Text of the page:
For friends of Lee Kyung-hae, however, this will all come much too late. Progress on reform is painfully slow.
The villain of Cancun
No one is in any doubt how clever Pascal Lamy, the EU trade commissioner, is - least of all Lamy himself. Suave and fit, Lamy's remarks are punctuated with witticisms and images drawn from classical literature.
But many blame the 56-year-old long-time French socialist for causing the collapse of talks three months ago in Cancun by dogmatically insisting on including new rules on finance and competition, despite the development agenda.
Lamy has sparked further frustration in recent months for failing to put forward workable compromises to get the multilateral negotiations back on track. Dave Timms, of the World Development Movement, said the tactics guaranteed failure: 'Lamy has not budged since Cancun and has offered no concessions.'
Lamy, a graduate of leading business school the Ecole des Hautes Etudes Commerciales, retires as the Trade Commissioner in a few months. His legacy is mixed. He was Commissioner during the failed Seattle trade talks in 2000 but actively lobbied the US to back new intellectual property laws that allowed poor countries to access expensive life saving medicines.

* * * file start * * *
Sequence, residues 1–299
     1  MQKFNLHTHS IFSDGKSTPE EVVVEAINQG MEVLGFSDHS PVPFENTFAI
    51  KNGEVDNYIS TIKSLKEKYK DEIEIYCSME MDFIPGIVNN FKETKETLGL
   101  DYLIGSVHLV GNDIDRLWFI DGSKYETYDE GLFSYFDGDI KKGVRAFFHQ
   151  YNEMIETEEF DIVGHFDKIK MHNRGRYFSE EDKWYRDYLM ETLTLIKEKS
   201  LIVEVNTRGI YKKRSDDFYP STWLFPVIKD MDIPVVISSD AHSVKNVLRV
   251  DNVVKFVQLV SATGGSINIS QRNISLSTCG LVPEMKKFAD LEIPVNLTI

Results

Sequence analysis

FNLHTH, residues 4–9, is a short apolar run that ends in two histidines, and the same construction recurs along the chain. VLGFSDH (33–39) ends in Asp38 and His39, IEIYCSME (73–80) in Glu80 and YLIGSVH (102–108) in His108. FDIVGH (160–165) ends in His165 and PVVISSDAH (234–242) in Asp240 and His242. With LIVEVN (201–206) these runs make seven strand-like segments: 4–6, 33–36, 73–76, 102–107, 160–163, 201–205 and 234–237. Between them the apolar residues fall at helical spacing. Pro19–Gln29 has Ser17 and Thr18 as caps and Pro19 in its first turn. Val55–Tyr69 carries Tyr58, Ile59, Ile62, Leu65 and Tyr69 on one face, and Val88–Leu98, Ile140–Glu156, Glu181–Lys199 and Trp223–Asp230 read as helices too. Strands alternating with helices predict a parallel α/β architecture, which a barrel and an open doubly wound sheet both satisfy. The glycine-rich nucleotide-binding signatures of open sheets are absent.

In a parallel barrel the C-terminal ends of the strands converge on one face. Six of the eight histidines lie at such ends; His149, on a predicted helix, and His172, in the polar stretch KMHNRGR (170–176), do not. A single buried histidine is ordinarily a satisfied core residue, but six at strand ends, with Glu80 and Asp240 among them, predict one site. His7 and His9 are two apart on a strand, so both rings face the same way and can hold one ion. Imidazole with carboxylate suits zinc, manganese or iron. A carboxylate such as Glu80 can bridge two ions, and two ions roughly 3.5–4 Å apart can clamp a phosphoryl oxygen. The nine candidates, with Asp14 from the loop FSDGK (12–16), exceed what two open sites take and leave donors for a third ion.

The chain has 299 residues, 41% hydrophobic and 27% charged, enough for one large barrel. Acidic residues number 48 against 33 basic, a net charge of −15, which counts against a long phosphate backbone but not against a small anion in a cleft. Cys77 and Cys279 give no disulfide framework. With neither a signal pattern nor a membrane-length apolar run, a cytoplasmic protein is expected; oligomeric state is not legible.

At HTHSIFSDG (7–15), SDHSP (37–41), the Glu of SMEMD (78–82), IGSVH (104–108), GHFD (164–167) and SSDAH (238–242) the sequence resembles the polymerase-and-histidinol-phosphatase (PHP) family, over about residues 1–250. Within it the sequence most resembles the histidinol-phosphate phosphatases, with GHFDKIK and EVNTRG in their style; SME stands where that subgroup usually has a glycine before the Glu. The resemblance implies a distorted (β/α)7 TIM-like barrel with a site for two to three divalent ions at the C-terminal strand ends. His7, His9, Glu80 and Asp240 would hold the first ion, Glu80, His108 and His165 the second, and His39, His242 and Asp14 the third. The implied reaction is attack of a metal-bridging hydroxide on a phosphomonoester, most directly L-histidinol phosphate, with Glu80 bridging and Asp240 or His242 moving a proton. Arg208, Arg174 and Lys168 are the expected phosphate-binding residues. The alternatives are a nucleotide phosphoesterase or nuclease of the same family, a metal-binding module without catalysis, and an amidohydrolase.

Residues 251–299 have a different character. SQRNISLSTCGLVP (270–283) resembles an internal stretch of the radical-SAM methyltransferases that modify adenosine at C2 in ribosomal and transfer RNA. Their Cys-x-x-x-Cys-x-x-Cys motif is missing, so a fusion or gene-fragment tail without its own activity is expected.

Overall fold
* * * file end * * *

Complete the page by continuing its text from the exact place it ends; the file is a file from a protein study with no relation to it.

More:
A renegade voice in the EU
For someone described as unimaginative and dry as dust, UK Trade Minister Patricia Hewitt is taking an increasingly vociferous stance against the European Commission's trade negotiations.
A Europhile, Hewitt has in recent months launched attacks against the $30 billion subsidies to European farmers which so distort global food markets.
She was clearly moved when she visited rice farmers in Honduras whose lives were ruined after cheap rice was dumped in the country. And she was shocked when the Cancun talks broke down.
Hewitt now says that con troversial Singapore issues should be dropped from the trade talks agenda if they are an impediment to progress. This stance seemingly puts her at odds with the European Commission, which is negotiating on behalf of Britain. She is pushing for another European Union 'trade ministerial' next year to keep the Doha round on track.
But there are many who say that either Hewitt's voice is being ignored among the power brokers, of Europe or that although she says she wants to offer poor nations trade concession in public she says something quite different in private.
The man who took on Washington
A man who lost a finger in an industrial accident and who, on his fourth attempt, was elected president of Brazil 14 months ago is the strategist behind a major new geo-political force.
Luis Inacio 'Lula' da Silva has moulded the G20 alliance into a cohesive force representing more than half the world's population, striking fear into Washington and Europe. By this weekend, countries that the US had persuaded to leave the G20 had returned.
Last Friday, Lula reaffirmed commitment to food security for poor countries and challenged developed countries to facilitate this by rejecting earlier frameworks for trade negotiations.